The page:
A special exhibit, running now until December 12th at the Jeju Folklore and Natural History Museum, offers a glimpse into the past of traditional women’s clothing. Part one of this article described the harsh environment Jeju women had to endure. It also explained about the traditional clothing of the children. In part two, attire for marriage, daily living (work and social), religion, and death will be explored. Again, the foundation of Jeju life is jonang, meaning frugality and simplicity, which are seen as virtuous qualities.
Because wedding costumes were more ornate and expensive than everyday clothing, it was not uncommon for the entire village to pitch in to buy material. After they were used for one wedding, they were passed on to the next couple. The same went for ceremonial decorations, such as screens and vessels. Wedding gifts, such as wooden ducks, which represent good marriage, could be handed down from previous generations or made new. Wonsam (wedding clothes) are on display in both the permanent Collection and the special exhibit. Mannequins and photos are displayed to illustrate how the apparel looked when worn. The traditions for marital proceedings are briefly elucidated on plaques.
Similar to the wedding gown was the colorful Hanbok. However, the embellishment was not added for this less formal dress. It could be worn for social events. Layers of undergarments created a more voluptuous appearance to the straight lines of the dress. Plain silk or leather shoes, often with hobnail in the soles to extend the life of the shoe, were worn to compliment the party Hanbok.
To liven up the appearance cosmetics were applied. All of them were made from plant matter. For example, flowers became blush and eye shadow and camellia made a hair oil that added sheen and fragrance to the locks. Black seeds of the “Marvel of Peru” plant could be cracked open to reveal a snow white powder utilized to lighten the appearance of the skin. These items as well as accessories and sewing implements, are shown in the special exhibit room and in the loft above the folklore culture exhibit hall.
A variety of hats are shown in the loft as well. Typically, Jeju locals wore wide brimmed hats fashioned from leather, kudzu vine, felt, and bamboo. Gentleman’s hats, called Gat, were created from loosely woven horse hair brims and caps. Bamboo headbands were woven inside. Finally, Gats were painted with a black lacquer. Mainland officials and their families wore more elaborate hats made of silk and fur.
Corrupt officials and oppressive laws added to the woes of the Jeju women. This difficult social environment placed even more burdens upon them. For these reasons they regularly visited a Dang, or shamanistic ritual shrine, to pray for help with their village’s troubles. This was a place where they were careful of their appearance and actions. They wore plain white garments and offered money inside of cut white paper.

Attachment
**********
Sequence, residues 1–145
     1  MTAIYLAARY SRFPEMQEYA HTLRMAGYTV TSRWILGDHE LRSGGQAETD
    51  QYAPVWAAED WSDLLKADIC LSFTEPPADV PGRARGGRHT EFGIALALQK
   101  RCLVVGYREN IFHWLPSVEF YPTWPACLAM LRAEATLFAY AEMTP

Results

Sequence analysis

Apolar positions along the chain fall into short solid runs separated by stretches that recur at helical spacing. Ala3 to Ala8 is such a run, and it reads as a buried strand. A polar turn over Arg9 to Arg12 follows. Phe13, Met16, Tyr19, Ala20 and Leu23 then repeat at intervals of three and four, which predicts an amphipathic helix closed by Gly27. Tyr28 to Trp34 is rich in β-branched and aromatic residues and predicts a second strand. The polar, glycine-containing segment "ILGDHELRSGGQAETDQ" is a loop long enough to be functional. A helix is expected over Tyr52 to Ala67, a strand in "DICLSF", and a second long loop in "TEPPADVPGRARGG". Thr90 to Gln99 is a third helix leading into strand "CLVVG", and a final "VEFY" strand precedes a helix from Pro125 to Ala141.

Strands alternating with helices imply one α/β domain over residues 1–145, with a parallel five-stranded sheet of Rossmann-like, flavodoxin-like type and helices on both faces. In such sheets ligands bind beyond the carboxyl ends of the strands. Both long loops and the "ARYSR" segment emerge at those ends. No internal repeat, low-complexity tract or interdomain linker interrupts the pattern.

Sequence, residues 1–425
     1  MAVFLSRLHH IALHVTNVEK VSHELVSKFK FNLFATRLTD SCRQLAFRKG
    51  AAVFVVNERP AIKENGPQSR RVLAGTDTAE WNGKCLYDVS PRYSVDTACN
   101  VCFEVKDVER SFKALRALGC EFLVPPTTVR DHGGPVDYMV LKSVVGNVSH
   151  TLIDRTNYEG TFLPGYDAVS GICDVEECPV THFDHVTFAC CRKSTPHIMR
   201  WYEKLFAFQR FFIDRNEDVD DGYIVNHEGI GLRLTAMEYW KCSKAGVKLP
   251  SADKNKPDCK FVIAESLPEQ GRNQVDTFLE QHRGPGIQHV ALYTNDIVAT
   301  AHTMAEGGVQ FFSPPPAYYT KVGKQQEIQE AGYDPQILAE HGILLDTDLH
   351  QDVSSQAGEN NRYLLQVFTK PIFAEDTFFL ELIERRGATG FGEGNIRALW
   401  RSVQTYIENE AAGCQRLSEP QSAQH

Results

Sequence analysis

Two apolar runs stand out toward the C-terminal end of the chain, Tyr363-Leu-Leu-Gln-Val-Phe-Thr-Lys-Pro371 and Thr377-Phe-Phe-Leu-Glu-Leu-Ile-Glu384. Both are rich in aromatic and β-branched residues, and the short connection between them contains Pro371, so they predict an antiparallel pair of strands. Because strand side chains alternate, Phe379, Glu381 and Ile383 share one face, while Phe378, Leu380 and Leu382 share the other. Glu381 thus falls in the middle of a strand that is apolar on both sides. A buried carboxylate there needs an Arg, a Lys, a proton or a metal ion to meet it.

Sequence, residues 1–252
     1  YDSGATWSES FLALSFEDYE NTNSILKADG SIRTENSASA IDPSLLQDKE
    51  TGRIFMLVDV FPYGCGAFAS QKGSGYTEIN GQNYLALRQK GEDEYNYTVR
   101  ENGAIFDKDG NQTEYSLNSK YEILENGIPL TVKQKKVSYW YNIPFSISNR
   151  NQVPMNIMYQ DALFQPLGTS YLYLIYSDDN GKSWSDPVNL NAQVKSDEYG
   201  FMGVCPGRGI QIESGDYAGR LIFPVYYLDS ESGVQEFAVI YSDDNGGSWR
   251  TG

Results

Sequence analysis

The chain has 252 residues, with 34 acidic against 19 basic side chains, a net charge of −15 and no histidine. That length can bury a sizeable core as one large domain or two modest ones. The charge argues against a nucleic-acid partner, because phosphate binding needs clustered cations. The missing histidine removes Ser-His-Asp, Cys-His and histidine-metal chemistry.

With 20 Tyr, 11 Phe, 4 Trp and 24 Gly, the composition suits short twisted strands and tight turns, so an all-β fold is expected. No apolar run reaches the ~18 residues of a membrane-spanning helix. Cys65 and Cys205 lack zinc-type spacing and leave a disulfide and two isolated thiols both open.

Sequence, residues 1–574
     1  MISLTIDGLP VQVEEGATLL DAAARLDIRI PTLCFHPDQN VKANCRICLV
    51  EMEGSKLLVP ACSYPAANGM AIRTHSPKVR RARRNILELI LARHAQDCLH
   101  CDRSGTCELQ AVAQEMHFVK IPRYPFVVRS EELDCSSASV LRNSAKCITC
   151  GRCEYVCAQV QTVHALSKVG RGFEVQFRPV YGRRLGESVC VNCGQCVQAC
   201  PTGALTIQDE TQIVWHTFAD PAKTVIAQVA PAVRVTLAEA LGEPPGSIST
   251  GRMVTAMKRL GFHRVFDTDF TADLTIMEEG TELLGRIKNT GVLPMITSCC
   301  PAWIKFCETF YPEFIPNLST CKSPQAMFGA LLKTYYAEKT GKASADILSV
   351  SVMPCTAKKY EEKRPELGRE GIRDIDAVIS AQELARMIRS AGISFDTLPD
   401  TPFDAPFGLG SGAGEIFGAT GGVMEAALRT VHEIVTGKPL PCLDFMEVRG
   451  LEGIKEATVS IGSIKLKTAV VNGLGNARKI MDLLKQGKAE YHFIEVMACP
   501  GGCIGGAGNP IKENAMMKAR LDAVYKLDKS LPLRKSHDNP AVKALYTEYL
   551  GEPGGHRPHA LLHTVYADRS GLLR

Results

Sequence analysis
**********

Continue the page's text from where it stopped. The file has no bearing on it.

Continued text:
Due to the difficulties on Jeju, the people worked hard. Labor clothes called Galot were worn daily. These loose fitting garments were dyed with unripe persimmon, which gave the fabric a dark tan color with hints of green or orange. This process makes the fabric sweat and bacteria resistant. It also helps block out sunlight. The top is a short jacket that allows freedom of movement. Baggy pants or shorts were worn. All articles of Galot were mended many times so that their lifespan could be extended. Capes and hats made of layers of dried grass were used to protect the wearer from rain. Canoe shaped wooden clogs, with two square bases, were used to elevate the feet above puddles of water. Woven straw shoes were used for daily activities.
After years of hard work, Whan-gap was celebrated. This was a meal to congratulate one’s parents for reaching their 60th birthday. Today, this celebration is not as common because people are living well beyond 60 years. When a person passed away, Jeju people believed hemp clothes were the best for burial. Perhaps, it is because they were given hemp clothing when they were newborns. Each person was to sew their own burial garments long before their death. It was believed to give them longevity if they prepared these clothes early in life. Burial clothes consisted of a one piece jacket, which did not have buttons. One long ribbon was tied in the front, so during the funeral, a family member would untie it to symbolize the releasing of the spirit.
The museum is located in Jeju City Hall. There is a giant red dolhareubang(stone grandfather) sculpture in the parking lot. The historical site, Samsunghyeol is next door. The cost for entry is 1100 won. Jeju residents enter for 500 won. Group and student rates are available. Hours from October-April are 9a.m to 6p.m and May-September from 9a.m-8p.m. The museum is open seven days a week.
ⓒ Jeju Weekly 2009 (http://www.jejuweekly.com)
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Registration Number: Jeju Da 01093 | Date of Registration: November 20, 2008 | Publisher: Song Jung Hee Copyright ⓒ 2009 All materials on this site are protected under the Korean Copyright Law and may not be reproduced, distributed, transmitted, displayed, published without the prior consent of jeju weekly.com.